Case number: OIC-110234-Z8Z5Q4
It appears that the applicant in this case was taken off the Council’s housing list in 2014. In 2020, he sought access to all files concerning his housing application. The Council subsequently released records to the applicant. On 30 January 2021, he submitted an application to the Council under section 9 of the FOI Act, which is concerned with the amendment of incomplete, incorrect, or misleading personal information held by public bodies. He provided the Council with a copy of a letter dated 9 December 2020, comprising the request for internal review he had submitted in respect of his previous request for records. While the letter details the applicant’s concerns about the appropriateness of the actions of the staff member he dealt with and contains a number of questions the applicant wishes to be addressed, it also indicates that he disagrees with the accuracy of the description of the telephone calls.
On 12 April 2021, the Council issued a decision wherein it refused to amend the records at issue. The applicant sought an internal review of the Council’s decision, following which the Council affirmed its original decision.
I have now completed my review in accordance with section 22(2) of the FOI Act. In carrying out my review, I have had regard to the correspondence between the applicant and the Council as set out above and to the correspondence between this Office and both the applicant and the Council on the matter. I have also had regard to the contents of the record at issue.
This review is concerned solely with the question of whether the Council was justified in refusing to amend, in the manner outlined by the applicant in his letter dated 9 December 2020, two records comprising notes of telephone calls with the applicant relating to his housing situation. The applicant should note that this Office has no role in examining the administrative actions of the Council in relation to its dealings with him.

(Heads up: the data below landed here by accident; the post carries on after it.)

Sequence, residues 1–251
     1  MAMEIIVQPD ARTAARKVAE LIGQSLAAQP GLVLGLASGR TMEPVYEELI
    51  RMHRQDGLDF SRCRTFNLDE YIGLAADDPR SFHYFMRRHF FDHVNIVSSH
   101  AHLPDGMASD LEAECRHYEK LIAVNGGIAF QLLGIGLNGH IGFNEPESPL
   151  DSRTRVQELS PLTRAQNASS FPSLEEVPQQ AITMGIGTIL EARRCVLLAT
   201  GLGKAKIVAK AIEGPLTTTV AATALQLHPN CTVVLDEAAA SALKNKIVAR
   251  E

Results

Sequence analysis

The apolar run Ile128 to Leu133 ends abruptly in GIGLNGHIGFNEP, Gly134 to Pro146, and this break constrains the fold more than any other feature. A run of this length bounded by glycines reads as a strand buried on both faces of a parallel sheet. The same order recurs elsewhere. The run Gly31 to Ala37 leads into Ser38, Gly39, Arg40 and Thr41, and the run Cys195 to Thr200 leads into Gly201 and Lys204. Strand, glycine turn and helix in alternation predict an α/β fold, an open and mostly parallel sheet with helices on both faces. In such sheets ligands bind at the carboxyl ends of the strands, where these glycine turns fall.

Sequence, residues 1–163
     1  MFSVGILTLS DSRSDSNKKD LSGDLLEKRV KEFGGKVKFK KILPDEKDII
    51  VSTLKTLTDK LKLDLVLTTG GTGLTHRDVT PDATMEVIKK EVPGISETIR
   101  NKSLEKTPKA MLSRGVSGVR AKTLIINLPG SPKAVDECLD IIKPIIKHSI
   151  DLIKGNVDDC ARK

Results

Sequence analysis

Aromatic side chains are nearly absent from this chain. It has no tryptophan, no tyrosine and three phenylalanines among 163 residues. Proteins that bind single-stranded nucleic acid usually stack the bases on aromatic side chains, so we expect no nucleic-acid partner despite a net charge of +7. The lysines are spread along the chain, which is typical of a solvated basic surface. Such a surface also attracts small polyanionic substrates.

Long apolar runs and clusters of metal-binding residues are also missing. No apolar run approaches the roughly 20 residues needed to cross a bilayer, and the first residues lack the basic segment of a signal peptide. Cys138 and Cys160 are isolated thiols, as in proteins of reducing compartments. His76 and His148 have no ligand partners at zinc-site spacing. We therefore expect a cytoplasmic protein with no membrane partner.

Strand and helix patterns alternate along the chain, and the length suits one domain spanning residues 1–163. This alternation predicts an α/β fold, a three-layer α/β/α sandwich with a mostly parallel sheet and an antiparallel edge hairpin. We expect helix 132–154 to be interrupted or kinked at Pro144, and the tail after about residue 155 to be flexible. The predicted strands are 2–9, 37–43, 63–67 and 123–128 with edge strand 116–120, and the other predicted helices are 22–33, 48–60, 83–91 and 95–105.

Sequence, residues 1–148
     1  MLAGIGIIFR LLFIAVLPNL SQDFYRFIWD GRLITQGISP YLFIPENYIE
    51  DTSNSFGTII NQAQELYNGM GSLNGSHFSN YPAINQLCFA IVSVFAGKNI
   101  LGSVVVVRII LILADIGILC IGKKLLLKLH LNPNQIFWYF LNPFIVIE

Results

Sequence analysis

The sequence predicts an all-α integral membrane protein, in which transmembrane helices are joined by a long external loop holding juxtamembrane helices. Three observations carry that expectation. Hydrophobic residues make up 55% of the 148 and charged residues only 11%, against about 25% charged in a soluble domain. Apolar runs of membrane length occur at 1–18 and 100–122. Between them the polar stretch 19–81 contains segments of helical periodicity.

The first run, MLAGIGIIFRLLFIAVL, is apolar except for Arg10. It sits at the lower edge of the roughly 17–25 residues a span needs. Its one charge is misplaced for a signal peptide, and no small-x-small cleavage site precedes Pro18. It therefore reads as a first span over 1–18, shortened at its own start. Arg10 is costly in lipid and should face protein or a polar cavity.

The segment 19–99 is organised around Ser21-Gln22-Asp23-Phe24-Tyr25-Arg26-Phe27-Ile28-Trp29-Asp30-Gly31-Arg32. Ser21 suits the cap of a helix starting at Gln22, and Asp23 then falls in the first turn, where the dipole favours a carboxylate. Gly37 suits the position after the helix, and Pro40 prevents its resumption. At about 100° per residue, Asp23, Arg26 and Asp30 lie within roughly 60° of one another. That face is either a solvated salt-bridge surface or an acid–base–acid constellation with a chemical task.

Section 9 of the FOI Act provides for a right of amendment of incomplete, incorrect, or misleading personal information in a record held by an FOI body. The Act is silent on the question of where the onus of proof lies in section 9 cases. This Office considers that in the absence of any express statement in the Act, the onus of proof lies on the applicant as the party asserting that the information is incomplete, incorrect or misleading.
The Act is also silent as to the standard of proof which should apply in such cases. This Office takes the view that the standard of proof required in such cases is that of "the balance of probabilities". It follows, therefore, that an applicant seeking to exercise the right of amendment under section 9 must show that the information which is the subject of the application is, on the balance of probabilities, incomplete, incorrect, or misleading.
The Office does not see its role arising from section 9 as being to conduct its own comprehensive enquiry as to the accuracy or completeness of records held by a public body. Rather, we must have regard to the evidence actually provided by the applicant, and to any rebutting evidence put forward by the FOI body, and make a decision on that basis.
In requiring an applicant to provide evidence that the information in a record is actually incomplete, incorrect or misleading, this Office is not making any prior judgement as to the accuracy of a record. The fact that an applicant fails to provide sufficient evidence to enable the Commissioner to conclude that the information in a record is incomplete, incorrect or misleading will cause the records to remain undisturbed, but this does not carry any judgement on the part of the Commissioner that the record is, in fact, complete, correct and not misleading.
The definition of "personal information" includes "the views or opinions of another person about the individual". Thus, the right of amendment of personal information includes the right of amendment of opinions that are incorrect, in addition to the right of amendment of incomplete or misleading opinions. This Office takes the view, however, that section 9 does not permit the decision maker or the Information Commissioner to substitute a different opinion for the one in respect of which the application under section 9 is made.